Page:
Not speaking directly in relation to Board members, per se, but who is naive enough to believe that all political contributions, in whatever form they take, are recorded on a Form 460? Come on.

          • David Zenger

            But, see, you don’t even have to illegally bribe a Supervisor. Seriously, two grand is all you need. Maybe even less. They are the cheapest dates in the State.

          • Kathleen Tahilramani

            Believe me David Zenger is not naive, I’m sure he is more than well aware of the many ways people disguise a contribution.

        • Kathleen Tahilramani

          Very true. It’s actually a bit funny how little it takes for these folks to sell out. Good deal for OC big business!

          • David Zenger

            It is funny how cheap it is to get things done that don’t benefit the public or are, actually, inimical to the Public Trust.

            Here are some of the gifts I saw granted to campaign contributors:

            Ridiculous construction change order payouts
            Fixed fee project management contract
            Fixed fee lobbying contracts
            County assumption of private liability
            Public work on private property
            County acquisition of worthless land to bail ot developer

            And then of course, the real developers dream come true:

            Specific Plan changes
            General Plan Changes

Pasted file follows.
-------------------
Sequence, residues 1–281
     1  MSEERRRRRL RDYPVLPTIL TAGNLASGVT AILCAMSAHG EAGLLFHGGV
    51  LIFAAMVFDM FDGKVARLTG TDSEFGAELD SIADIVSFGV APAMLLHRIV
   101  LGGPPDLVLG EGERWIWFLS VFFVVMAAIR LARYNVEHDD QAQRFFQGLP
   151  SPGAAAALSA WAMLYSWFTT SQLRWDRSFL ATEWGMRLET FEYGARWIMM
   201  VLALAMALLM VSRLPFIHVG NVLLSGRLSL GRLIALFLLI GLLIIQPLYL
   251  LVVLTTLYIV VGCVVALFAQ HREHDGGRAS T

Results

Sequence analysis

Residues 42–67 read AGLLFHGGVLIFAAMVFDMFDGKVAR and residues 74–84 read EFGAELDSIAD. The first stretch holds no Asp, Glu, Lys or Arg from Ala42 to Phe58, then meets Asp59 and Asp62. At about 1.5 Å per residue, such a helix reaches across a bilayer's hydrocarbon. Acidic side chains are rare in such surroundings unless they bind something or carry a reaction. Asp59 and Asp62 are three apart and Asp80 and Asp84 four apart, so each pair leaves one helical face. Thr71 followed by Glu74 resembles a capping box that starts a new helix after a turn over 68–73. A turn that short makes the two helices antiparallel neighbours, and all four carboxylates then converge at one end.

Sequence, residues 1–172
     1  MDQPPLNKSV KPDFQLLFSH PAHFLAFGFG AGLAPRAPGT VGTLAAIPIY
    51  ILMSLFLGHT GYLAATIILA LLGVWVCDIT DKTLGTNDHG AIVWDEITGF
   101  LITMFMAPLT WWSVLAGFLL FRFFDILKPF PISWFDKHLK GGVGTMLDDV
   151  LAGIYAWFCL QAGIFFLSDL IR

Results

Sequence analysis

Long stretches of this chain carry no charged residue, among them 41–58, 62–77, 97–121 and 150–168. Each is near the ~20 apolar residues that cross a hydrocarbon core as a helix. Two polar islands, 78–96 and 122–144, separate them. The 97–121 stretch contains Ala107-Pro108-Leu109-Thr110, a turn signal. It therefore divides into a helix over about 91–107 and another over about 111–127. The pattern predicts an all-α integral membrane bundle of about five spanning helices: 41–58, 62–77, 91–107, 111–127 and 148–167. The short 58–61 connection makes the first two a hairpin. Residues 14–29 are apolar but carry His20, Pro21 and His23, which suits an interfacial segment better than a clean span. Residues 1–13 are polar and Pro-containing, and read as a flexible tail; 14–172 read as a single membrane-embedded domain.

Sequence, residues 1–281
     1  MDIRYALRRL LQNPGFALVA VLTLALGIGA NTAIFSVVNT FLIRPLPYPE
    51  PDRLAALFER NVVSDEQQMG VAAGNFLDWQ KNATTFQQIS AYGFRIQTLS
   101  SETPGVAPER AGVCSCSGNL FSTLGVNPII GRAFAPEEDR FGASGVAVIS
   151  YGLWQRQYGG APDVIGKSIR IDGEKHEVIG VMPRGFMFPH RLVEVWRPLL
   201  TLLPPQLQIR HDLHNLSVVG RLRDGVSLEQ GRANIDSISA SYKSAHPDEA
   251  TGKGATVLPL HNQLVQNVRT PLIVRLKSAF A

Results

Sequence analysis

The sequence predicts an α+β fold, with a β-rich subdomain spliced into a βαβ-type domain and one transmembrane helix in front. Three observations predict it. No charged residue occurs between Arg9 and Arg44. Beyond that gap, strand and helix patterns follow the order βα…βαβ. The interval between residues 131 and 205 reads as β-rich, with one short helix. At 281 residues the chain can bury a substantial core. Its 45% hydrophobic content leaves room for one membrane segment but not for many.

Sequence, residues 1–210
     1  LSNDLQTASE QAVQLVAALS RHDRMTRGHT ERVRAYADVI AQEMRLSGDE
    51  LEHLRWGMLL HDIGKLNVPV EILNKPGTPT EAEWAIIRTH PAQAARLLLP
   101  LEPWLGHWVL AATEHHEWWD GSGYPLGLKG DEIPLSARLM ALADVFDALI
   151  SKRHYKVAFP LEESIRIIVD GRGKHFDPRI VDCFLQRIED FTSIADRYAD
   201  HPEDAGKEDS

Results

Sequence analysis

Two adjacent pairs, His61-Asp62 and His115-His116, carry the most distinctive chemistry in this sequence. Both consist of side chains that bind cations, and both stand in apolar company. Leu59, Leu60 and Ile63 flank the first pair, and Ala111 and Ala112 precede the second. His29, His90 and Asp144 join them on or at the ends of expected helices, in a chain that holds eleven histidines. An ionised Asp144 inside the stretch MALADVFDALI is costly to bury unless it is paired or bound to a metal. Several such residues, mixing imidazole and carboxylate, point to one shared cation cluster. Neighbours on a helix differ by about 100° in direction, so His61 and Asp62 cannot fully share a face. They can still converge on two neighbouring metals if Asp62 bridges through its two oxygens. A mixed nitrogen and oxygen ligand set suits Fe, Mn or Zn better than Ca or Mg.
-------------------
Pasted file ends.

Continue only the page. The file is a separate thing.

Approval of projects that violate CEQA and/or County’s own code,

            etc., etc. etc.

            There is a huge ethical problem, all right. Unfortunately, Shirley’s plan won’t touch it.

          • Kathleen Tahilramani

            Unfortunately, Shirley’s plan won’t touch it.

            That is a point everyone needs to consider seriously.

  • Steve Downing

    This also says a lot about the qualifications of our Attorney General who is now running for a Senate seat– as she appeals a judges ruling to take this stew of corruption away from the OC prosecutorial thugs. Sick stuff

  • Steve Downing

    It is sad that the only large mainstream newspaper to publish an editorial about this Hammer Happy Prosecutor’s office is from New York.

  • Paul Lucas

    We will never get that investigation though now will we?

  • Bob Brock

    The corruption in Rackauckas’s office runs deep. His politically cozy relationship with Scott Baugh and many in the old guard of the GOP makes him politically untouchable in the inner circle, but the public is beginning to wake up to his corrupt ways because it is directly affecting public safety in our community.

    • David Zenger

      “His politically cozy relationship with Scott Baugh and many in the old
      guard of the GOP makes him politically untouchable in the inner circle”

      And vice versa, Bob, I assure you.